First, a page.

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Global Times

US spy plane following civilian aircraft in S. China Sea risks confrontation: experts

Global Times

By Guo Yuandan Source: Global Times Published: 2020/8/13 0:36:57

A Hong Kong-based media outlet on Wednesday reported that the US military spy aircraft E-8C was first recognized as a civilian flight during a night sortie in the South China Sea, and experts reached by the Global Times noted such a move, if confirmed, will risk involving civilian flights in military confrontations.

The South China Morning Post, citing source close to the Chinese military, reported that an aircraft was initially identified by the air control as a commercial airliner flying at more than 9,000 meters over the South China Sea. It was later identified as a military aircraft when it flew close to Guangzhou, capital of South China's Guangdong Province.

US military uses multiple reconnaissance aircraft developed on commercial airplane platforms, and they usually follow civil aviation flights as cover when approaching China's airspace, said the report.

The report didn't provide details of the "following" or where the aircraft was when it was identified as military aircraft, but experts warned that such behavior is very dangerous.

A airline pilot told the Global Times on Wednesday that civilian flights have a unique code to communicate with air traffic control and flight information will appear on radar systems. All information regarding civilian flights is part of the civil aviation monitoring system.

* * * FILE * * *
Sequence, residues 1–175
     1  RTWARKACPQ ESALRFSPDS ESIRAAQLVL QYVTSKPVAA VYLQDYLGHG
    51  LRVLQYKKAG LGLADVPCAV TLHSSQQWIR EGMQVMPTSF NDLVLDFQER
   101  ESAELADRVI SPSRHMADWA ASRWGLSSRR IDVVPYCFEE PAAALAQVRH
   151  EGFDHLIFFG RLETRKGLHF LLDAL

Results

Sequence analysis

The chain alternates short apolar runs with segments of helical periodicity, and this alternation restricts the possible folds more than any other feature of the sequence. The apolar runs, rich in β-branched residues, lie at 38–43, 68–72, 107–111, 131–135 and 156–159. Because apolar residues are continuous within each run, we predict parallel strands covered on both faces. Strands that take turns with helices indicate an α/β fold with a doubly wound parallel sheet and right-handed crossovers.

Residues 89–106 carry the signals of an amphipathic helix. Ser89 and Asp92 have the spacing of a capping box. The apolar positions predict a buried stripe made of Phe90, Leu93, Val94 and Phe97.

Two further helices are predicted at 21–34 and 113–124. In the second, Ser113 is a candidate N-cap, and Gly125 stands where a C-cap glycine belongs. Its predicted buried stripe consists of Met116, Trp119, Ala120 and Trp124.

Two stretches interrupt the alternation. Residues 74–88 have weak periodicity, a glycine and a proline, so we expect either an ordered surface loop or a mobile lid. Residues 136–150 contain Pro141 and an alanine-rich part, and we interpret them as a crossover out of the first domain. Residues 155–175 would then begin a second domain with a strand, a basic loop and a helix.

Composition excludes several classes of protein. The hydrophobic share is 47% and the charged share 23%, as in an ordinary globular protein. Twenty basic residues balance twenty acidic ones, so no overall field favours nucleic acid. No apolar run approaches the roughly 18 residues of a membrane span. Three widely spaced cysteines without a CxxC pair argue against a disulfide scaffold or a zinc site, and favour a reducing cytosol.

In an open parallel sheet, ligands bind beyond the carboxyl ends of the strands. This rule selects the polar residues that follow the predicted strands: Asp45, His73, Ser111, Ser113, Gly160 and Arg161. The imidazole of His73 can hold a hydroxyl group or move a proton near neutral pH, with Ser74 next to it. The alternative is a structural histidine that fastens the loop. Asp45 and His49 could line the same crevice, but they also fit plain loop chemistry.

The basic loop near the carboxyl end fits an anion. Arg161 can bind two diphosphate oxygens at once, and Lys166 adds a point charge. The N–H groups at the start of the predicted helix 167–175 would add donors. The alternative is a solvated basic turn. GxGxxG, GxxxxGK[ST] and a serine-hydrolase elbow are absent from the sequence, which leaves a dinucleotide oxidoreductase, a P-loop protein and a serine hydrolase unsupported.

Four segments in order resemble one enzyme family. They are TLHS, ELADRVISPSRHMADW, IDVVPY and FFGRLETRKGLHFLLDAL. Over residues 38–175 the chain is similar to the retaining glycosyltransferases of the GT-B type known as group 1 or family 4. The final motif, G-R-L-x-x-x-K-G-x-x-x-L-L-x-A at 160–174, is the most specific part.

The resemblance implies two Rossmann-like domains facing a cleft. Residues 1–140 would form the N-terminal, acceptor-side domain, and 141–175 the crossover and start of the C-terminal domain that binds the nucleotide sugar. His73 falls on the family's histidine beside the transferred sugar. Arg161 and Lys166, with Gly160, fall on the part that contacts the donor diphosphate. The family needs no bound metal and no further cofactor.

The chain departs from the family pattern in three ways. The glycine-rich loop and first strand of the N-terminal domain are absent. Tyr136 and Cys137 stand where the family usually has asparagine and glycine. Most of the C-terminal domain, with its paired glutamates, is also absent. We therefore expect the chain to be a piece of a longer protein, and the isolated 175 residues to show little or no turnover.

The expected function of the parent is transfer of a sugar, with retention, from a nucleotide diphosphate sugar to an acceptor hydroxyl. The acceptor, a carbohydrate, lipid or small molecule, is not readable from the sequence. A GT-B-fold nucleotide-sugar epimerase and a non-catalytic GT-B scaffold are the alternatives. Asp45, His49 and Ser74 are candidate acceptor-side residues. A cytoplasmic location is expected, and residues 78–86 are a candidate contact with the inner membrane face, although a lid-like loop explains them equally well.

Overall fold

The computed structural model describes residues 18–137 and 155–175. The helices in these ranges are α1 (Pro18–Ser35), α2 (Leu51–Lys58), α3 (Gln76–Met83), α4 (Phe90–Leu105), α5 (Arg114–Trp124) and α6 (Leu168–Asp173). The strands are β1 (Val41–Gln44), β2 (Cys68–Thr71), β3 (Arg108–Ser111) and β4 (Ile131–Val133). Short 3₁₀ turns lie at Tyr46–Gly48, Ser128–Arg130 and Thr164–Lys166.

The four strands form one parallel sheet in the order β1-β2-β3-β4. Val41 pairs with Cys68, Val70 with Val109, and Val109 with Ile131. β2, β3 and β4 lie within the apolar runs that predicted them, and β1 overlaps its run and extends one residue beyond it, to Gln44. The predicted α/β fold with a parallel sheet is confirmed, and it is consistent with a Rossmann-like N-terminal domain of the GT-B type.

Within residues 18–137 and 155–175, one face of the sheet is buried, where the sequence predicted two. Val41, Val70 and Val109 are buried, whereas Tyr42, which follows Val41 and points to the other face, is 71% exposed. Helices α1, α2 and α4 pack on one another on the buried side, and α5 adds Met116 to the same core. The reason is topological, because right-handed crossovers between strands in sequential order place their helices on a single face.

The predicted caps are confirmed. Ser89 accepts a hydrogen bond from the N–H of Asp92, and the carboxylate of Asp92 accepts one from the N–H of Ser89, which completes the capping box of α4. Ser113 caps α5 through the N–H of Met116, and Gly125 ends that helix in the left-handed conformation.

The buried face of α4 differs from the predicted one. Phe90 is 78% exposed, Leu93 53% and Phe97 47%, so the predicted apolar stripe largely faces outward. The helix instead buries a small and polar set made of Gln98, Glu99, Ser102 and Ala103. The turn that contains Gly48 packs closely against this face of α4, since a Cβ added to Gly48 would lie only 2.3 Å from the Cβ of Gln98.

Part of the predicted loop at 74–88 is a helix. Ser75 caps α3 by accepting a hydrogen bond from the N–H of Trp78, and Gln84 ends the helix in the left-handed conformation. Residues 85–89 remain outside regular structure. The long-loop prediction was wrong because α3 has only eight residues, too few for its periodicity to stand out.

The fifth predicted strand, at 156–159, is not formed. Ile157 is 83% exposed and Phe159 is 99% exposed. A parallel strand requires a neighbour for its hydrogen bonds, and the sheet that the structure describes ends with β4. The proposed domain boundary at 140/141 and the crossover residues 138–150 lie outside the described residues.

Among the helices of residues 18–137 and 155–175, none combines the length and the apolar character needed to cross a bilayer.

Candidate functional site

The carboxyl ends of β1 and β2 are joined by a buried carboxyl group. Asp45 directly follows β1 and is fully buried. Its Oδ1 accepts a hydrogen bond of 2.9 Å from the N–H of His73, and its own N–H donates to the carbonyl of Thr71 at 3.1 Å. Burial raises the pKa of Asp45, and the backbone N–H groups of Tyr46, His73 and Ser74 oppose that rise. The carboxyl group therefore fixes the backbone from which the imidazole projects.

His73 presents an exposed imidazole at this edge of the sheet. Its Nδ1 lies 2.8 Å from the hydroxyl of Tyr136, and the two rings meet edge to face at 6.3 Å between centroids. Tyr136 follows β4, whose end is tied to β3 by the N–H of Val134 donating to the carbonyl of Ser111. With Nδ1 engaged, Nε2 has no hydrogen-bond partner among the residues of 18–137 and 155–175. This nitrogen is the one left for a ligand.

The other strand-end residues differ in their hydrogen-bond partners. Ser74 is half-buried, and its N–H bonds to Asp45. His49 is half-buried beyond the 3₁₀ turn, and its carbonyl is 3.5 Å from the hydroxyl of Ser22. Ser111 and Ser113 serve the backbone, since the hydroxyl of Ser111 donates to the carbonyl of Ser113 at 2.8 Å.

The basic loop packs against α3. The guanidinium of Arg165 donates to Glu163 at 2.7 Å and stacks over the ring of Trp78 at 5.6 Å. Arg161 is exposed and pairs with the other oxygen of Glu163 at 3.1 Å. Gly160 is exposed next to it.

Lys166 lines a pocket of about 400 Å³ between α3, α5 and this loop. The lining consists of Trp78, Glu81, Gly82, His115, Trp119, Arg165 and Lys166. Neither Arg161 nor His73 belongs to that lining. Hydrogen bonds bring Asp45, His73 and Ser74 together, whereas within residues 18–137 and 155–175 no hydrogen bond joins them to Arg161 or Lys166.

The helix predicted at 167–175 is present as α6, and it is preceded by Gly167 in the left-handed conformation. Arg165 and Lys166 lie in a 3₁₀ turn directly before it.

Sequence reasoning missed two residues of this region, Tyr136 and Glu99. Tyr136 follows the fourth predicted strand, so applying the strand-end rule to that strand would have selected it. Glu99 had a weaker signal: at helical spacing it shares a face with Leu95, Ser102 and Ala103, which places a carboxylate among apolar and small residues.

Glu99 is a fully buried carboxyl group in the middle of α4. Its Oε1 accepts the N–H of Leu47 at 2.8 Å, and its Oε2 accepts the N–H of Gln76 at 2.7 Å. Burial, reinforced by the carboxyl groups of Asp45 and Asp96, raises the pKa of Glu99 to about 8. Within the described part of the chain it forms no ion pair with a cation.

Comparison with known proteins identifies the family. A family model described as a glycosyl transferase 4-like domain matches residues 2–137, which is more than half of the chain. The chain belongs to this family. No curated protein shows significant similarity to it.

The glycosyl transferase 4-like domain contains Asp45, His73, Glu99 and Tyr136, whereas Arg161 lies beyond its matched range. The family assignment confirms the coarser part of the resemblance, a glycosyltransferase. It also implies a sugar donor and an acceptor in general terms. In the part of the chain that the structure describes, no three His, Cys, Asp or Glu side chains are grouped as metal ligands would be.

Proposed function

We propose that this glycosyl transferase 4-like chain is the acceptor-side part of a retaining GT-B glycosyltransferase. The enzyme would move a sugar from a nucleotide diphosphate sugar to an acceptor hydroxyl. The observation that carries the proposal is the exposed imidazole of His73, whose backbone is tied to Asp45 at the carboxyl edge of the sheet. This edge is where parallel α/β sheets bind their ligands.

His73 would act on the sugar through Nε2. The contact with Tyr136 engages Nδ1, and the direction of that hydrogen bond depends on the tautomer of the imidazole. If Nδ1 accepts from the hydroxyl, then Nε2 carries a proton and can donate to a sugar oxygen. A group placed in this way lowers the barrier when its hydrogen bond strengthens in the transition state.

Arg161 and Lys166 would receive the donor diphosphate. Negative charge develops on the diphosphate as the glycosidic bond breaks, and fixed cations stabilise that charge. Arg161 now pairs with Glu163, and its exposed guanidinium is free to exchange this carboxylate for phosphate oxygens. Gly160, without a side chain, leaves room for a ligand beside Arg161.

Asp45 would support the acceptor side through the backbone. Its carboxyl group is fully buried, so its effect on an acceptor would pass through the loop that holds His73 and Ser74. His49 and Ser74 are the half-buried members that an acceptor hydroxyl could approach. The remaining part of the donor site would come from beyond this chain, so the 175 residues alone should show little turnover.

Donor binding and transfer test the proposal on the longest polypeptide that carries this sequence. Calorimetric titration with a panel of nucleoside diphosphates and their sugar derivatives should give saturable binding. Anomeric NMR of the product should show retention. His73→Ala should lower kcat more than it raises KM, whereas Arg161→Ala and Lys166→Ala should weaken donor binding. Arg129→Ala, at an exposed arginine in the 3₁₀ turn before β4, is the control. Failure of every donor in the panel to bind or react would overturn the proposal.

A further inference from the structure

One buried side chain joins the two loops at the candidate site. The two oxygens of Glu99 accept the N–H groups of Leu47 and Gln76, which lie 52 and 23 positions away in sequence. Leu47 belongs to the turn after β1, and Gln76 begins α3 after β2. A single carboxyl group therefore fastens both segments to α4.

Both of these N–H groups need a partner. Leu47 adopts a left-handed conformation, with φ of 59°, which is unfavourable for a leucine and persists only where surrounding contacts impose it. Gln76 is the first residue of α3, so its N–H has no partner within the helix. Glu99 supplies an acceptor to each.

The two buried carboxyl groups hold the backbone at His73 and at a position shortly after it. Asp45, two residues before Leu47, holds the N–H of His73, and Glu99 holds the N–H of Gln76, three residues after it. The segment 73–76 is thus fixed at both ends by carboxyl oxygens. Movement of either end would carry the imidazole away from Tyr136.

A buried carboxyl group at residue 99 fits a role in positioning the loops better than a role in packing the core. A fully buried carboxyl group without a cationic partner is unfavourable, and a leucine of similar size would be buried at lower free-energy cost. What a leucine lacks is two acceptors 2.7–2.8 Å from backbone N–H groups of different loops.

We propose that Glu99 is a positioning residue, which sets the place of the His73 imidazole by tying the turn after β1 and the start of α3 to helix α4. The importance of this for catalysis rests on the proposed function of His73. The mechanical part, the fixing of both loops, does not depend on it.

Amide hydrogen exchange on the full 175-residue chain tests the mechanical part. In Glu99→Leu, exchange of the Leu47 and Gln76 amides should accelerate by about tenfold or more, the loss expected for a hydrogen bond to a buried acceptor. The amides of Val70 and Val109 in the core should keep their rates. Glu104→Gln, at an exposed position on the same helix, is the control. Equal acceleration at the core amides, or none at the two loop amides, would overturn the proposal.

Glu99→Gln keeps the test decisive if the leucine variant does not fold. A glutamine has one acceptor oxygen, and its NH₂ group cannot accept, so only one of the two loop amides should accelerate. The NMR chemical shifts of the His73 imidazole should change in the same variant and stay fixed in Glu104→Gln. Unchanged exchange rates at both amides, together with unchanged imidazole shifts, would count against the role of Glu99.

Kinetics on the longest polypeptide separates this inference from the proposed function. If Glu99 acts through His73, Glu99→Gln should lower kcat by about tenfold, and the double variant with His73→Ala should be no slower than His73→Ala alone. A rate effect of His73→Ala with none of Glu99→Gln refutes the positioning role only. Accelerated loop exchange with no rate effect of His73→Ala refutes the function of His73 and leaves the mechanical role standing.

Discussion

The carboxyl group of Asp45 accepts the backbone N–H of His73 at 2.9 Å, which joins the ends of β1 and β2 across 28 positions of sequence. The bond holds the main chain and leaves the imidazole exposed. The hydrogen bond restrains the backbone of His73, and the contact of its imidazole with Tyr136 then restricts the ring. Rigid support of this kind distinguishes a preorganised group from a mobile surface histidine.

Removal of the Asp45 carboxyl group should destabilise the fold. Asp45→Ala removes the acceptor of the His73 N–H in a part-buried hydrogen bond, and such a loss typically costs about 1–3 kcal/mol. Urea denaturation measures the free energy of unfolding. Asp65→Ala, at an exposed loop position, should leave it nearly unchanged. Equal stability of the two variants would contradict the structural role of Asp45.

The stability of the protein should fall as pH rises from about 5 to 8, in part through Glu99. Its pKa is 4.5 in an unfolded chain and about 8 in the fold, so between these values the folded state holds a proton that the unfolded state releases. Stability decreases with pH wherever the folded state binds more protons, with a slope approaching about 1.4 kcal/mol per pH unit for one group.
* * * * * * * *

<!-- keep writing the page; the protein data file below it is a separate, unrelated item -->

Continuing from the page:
Wang Yanan, chief editor of Aerospace Knowledge magazine, said that if a civilian flight approaches China's airspace, the monitoring system will receive data via the radar system when it enters a controlled zone.

Civil aviation routes are like open roads where military aircraft are allowed but they seldom use these routes because they may disturb the civilian flights. Military aircraft will be quickly identified as they don't conform to the routine of a civilian flight, and radar signals don't match, Wang told the Global Times on Wednesday.

Flying over the exclusive economic zone without entering China's airspace may not have violated international law, but analysts said a military flight pretending to be a civilian one trying to trick the radar system is risky.

If a military aircraft was attempting to masquerade as a civilian aircraft, the sovereign country's air defense system may trigger a response, Wang said. Another insider also noted such a move by the US military could lead to misjudgments and dangers.

Since the South China Sea is a busy zone with many civil flights passing by, US reconnaissance planes pretending to be a civilian aircraft pose risks to civilian flights, analysts said.

If the US military aircraft is disguised as a civil plane, the chance of being intercepted by the PLA may be much smaller. At least, it would likely confuse the PLA, Hu Bo, director of the Beijing-based think tank the South China Sea Strategic Situation Probing Initiative, told the Global Times on Wednesday.

"But mixing military and civil aircraft can lead to military confrontations and even accidental injuries," Hu said.

The right of navigation and overflight granted by international law to foreign military aircraft and ships is to ensure normal operations. But the US military aircraft and warships' move is an obvious abuse of this legal right and a hostile provocation that seriously endangers China's national security, said Hu.

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